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If the police can’t come, what will you do?

If the police can’t come, what will you do?


All over the country, police budgets are being slashed. For some counties here in Oregon, tax revenues have declined so sharply that police patrols are no longer 24 hours per day. What would this mean if it happened in your town?

A recent story out of Dallas, OR — a small town west of Salem, our state capital — illustrates the issues facing many people who live in non-incorporated parts of the country: there isn’t enough money to go around to cover all of the social and public safety services we’ve come to expect from the government. Their Sheriff’s Office has been forced to cut their staffing, to the point that they no longer provide around-the-clock law enforcement services. That’s resulted in gaps in response that is only now becoming apparent to the residents.

In this particular case, a 24-year-old mentally disturbed man attacked his father. The family, who lives outside of the city limits and thus depends on the Sheriff for law enforcement,  called 9-1-1 and were told that a Deputy was not available to respond to their call. A few minutes later they called back; the man had suddenly passed out and the family requested medical response. Because they had originally called in an assault, the EMTs do what they always do in dangerous situations: they staged a short distance away from the house and waited for law enforcement to clear the scene.

A police officer from the city finally arrived and gave the all-clear; the EMTs came in but the man had already died. The meth in his system, combined with excited delirium from his previously diagnosed schizophrenia, resulted in cardiac arrest. It’s a sad story.

The parents blame the lack of response from the Sheriff’s Office for their son’s death, but as the Sheriff pointed out even if they’d had a patrol that night it probably wouldn’t have made any difference. The parents were on their own, just like the other residents of that county that night.

Whether it’s a medical call stemming from a fight or a burglary, a mugging or a sexual assault, the reality is that you’re always on your own. It may be a little more obvious (or possibly stark) in a place like Polk County, OR, but ultimately your own protection is on you. If the law enforcement cavalry arrives in time to take the perpetrator into custody so much the better, but even the very fastest response of a couple of minutes still leaves time for a life-ending injury. The more minutes the response requires, the more vulnerable you are.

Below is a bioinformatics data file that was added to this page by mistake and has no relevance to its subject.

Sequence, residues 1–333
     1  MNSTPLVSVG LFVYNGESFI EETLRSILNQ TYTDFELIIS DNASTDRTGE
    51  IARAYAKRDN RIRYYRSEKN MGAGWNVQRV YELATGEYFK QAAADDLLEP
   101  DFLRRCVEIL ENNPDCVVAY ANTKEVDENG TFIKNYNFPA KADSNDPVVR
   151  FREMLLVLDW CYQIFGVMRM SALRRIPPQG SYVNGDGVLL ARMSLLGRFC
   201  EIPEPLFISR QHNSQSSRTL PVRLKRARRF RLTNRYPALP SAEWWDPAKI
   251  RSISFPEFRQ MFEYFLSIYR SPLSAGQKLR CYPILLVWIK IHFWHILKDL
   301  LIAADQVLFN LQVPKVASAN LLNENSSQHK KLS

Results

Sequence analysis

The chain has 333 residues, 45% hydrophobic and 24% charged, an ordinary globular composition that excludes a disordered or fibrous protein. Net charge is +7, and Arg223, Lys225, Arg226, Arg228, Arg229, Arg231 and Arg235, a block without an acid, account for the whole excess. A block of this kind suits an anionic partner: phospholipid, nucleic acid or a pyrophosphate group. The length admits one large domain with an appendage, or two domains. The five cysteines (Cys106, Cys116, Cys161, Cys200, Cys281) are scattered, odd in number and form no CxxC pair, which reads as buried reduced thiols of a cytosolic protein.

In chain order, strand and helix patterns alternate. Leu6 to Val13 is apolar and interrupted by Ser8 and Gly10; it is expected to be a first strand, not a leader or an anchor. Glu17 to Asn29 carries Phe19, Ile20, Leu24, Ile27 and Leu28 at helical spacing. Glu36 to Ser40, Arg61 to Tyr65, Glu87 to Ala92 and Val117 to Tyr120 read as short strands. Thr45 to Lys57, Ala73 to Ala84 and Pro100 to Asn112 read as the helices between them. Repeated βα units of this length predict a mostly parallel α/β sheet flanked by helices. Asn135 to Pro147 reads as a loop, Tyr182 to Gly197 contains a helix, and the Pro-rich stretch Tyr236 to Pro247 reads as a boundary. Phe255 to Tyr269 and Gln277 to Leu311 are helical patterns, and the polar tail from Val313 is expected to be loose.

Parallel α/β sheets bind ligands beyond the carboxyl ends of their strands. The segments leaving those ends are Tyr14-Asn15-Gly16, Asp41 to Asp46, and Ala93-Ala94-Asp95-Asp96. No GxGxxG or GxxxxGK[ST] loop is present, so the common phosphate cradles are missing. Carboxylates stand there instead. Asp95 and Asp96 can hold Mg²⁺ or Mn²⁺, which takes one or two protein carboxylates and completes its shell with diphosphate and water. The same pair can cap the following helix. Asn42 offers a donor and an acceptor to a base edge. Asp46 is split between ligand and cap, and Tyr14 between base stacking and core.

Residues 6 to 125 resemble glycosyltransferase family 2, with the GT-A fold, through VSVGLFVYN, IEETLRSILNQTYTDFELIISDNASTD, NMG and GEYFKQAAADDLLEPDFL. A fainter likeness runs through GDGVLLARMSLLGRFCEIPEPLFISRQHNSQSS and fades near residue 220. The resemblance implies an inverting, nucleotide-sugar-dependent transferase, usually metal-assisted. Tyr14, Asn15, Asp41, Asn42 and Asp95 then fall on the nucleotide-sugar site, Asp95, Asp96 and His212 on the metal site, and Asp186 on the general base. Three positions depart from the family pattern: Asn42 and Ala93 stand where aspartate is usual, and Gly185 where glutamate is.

It shouldn’t take an event like this to get people to realize the reality, but there it is.

This is why I’m a firm proponent of you being able to protect you, and of you being able to protect your loved ones. Whether from fire or accident or criminal assault, being able to mount some sort of effective response to protect your life or the lives of innocents is a responsibility you shouldn’t shirk. There are lots of opportunities for you to learn to protect yourself, and not all of them involve guns and shooting.

For instance, prepare for disaster; put in the supplies you’ll need if you’re stuck in your house because of a natural or man-made disaster. You should have everything you require to live for at least 72 hours, and in the more rural parts of the country you should plan for at least a solid week without outside help or resupply.

Learn to deal with life threatening injury; I’m not talking about a first aid course — they’re useless when EMT response times are more than a few minutes. I’m talking about a course like this from my friend Caleb Causey. You need to know how to deal with accidental trauma, how to stop massive blood loss, and how to keep the patient alive in those critical minutes before fully equipped life support can get there. These kinds of injuries can occur anywhere at any time; you should have the knowledge and carry the gear necessary to do your part to save lives. It may even be your own.

Finally, you need to know how to protect yourself from criminal assault. That means learning how to defend yourself against both lethal and non-lethal threats. Not all assaults — not even most, in fact — reach the threshold of justifying a shooting response, so you need to know something other than firearms. Some empty hands skills will go a long way to helping you stay safe, and learning how to use a non-lethal tool such as a kubaton, chemical spray, or even a high-powered flashlight will expand the range of circumstances against which you can protect yourself.

Against a lethal threat, the most efficient response is the lawfully possessed firearm. Don’t neglect your training in defensive shooting; you need to know the legalities of the use of lethal force, along with the physical and mental skills of putting bullets where they need to go under the conditions you need to shoot.

It’s a long list, to be sure. That’s why it’s so easy for people to default to letting someone else do the job for them, and then are surprised when the “hired help” can’t make it to solve their problem. Instead of sitting in front of the television watching yet another sporting event, get out and start tackling one item on this list. Just one. Any progress you make will put you in a better position to take care of yourself than you were yesterday!

-=[ Grant Cunningham ]=-

  • Posted by Grant Cunningham
  • On February 2, 2015

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